Joe Rocket brings female riders another stylish motorcycle jacket—this time it’s the lightweight, textile HeartBreaker 3.0. The close fitting design starts with princess seams and extends down to a flattering below-the-hip length. Pre-curved sleeves ensure there is no bunching of fabric when arms reach toward the bars, and a Mandarin collar completes the minimal, sleek design.
The Joe Rocket HeartBreaker 3.0 is a lean cut, but I was able to make some minor adjustments to fully customize the fit at my waist, arms, and cuffs. There are two separate slide buckles on each side—one at the natural waist and one at the hip—allowing me to create a tailored waist, yet more relaxed fit through the hips.The sleeves similarly have two adjustment points, both using snap fasteners. Normally, I would not bother to cinch the sleeves down, as the HeartBreaker 3.0 is already a spare fit. However, while motorcycle riding in colder weather with just a short sleeve shirt on, I was happy pull the nylon/polyester fabric closer.The upper arm adjustment seems more a style point than practical application, as it pulls open the seam that hides a ventilation zipper when it is snapped in the tighter position. When left in the relaxed position, it looks just fine.Further HeartBreaker 3.0 modifications come at the cuffs via Velcro tabs and four-inch zippers. Snug the cuffs tight to slip inside gloves and keep the wind from drafting up your sleeves when it’s chilly, or open the zippers and tack down the Velcro tabs in their widest position in hot weather and enjoy the rush of air.The HeartBreaker 3.0 should be comfortable in a range of temperatures thanks to ventilation and a removable liner. While it’s not the season to test the upper range, the zippered vents on the upper arms—used in conjunction with the large zippered exit vents running down the back of the jackets—do move air through the jacket.During our (relatively) chilly Southern California winter, I’ve been keeping the sleeveless thermal liner installed. It zips in easily, with one zipper running all the way around the interior of the jacket—no loops or snaps.With a base layer under a long sleeve t-shirt, it’s still a nippy ride to work on the freeway in 50-degree weather. There’s not much room to layer up with the svelte cut, though loosening the side adjustments allows me to pull on a thin cashmere sweater, making all the difference.The HeartBreaker 3.0 can also be zipped to your riding pants, or attached to a belt via two snapping loops.We are happy to find C.E. armor permanently installed at the elbows and shoulders, but the included back pad is not a protective device. We installed a Pro Lite K Level 2 pad from Forcefield Body Armor into the fitted pocket for functional spine protection.The front zipper (and hand pocket zippers) have leather pulls that are long enough to operate with gloved hands. The tiny etched rockets and small rhinestone-type studs that adorn them add a discreet, appreciated sparkle.Expansion panels at elbow, sides, and down the backs of the shoulder keep the form fitting Joe Rocket HeartBreaker 3.0 comfortable when swinging a leg over the saddle, reaching forward to handlebars, and twisting to look behind you. A two-way zipper at the jacket front would have been welcome with the longer cut of the HeartBreaker.Interior pockets are strangely missing, save for a vertical zipper pocket on the upper right chest. Perhaps this was a choice made to to keep the sleek look of the HeartBreaker 3.0 intact. I carried my Wojo wallet in this pocket, and stuffed my cell phone in one of the two exterior zippered hand pockets.The Joe Rocket HeartBreaker 3.0 women’s motorcycle jacket is spare, comfortable, and feminine, with just enough features to get the job done without over complicating things.Action BMW G 310 R photography by Kevin Wing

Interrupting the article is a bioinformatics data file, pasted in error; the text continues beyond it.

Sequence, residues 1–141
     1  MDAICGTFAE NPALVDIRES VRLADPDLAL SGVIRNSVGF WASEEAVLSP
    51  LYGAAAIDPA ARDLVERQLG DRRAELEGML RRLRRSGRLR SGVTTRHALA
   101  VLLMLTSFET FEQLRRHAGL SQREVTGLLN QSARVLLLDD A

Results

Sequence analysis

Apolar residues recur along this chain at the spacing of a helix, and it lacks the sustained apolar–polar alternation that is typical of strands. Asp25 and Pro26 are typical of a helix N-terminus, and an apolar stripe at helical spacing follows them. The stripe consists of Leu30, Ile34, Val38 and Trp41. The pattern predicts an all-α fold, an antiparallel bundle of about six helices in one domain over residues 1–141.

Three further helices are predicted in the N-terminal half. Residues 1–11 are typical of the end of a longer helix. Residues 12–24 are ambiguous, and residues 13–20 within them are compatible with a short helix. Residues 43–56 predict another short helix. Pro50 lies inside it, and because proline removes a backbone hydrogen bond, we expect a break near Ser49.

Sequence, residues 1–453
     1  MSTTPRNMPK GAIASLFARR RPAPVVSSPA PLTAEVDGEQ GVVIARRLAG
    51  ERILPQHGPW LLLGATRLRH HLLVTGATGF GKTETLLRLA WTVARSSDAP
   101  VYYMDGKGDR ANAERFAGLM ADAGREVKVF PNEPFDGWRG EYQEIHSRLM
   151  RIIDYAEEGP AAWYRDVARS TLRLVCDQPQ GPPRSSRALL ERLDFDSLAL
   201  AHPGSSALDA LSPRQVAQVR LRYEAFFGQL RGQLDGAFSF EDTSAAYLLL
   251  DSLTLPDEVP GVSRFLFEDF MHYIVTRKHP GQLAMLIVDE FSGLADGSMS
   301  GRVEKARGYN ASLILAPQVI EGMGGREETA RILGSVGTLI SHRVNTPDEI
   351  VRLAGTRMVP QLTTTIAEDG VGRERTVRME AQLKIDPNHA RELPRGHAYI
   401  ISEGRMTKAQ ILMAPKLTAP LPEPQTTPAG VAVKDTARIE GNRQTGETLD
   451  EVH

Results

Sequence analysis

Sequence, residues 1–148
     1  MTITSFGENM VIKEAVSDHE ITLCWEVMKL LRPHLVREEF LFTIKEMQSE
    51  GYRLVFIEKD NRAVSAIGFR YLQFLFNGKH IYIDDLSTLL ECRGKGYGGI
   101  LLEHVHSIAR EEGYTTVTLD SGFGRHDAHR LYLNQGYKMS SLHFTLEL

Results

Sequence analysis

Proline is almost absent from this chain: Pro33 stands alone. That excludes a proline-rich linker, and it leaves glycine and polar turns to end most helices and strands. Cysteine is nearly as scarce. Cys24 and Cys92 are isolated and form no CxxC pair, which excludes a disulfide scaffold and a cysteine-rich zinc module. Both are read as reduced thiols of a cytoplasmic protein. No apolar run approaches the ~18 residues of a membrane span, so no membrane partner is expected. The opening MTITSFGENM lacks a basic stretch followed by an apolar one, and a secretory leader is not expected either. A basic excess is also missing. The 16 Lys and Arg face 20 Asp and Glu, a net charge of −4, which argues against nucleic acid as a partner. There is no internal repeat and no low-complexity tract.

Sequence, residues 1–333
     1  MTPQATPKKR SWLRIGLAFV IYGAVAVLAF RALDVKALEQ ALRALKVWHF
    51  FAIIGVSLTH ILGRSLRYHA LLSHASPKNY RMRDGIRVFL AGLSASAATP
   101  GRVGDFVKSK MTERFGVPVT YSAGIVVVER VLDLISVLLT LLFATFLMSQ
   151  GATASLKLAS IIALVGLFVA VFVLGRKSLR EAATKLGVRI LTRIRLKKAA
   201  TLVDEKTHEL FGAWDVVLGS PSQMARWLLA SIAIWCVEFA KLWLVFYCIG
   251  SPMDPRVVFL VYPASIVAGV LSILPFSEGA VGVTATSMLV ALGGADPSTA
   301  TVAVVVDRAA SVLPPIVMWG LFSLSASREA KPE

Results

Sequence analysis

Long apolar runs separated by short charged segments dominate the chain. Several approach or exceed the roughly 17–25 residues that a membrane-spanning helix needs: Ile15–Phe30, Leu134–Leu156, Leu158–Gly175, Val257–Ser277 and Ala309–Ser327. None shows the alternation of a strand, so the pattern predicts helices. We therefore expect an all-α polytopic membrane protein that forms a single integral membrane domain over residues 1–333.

Zero Electric ADV Bike + Al and Bridget from Throw Your Leg Over
byMotos and Friends by Ultimate Motorcycle
Hello everyone and welcome to Motos and Friends, a weekly Podcast brought to you by the editorial team at Ultimate Motorcycling. My name is Arthur Coldwells.
Electric mobility is everywhere nowadays. Whether it’s a car, a truck, an assisted bicycle, a scooter, or any number of new innovations, the electric revolution is certainly here. In this week’s first segment, Nic de Sena took a ride on Zero’s recently announced new Adventure bike—the Zero DSR-X. There’s been a lot of hype about this new arrival on the ADV scene, and of course the questions are many. Nic talks to me about whether Zero actually have a credible, alternative energy ADV bike—or if the machine is just simply an empty promise.
In our second segment, I chat with Al and Bridget from ‘Throw Your Leg Over’. They took time out to record this episode from somewhere in the middle of Romania, of all places.
These interesting Aussies have traveled—and painstakingly documented—the thousands of miles they’ve covered riding the best roads and sights through Australia, Tasmania, Europe, eastern Europe, and Scandinavia, among other places.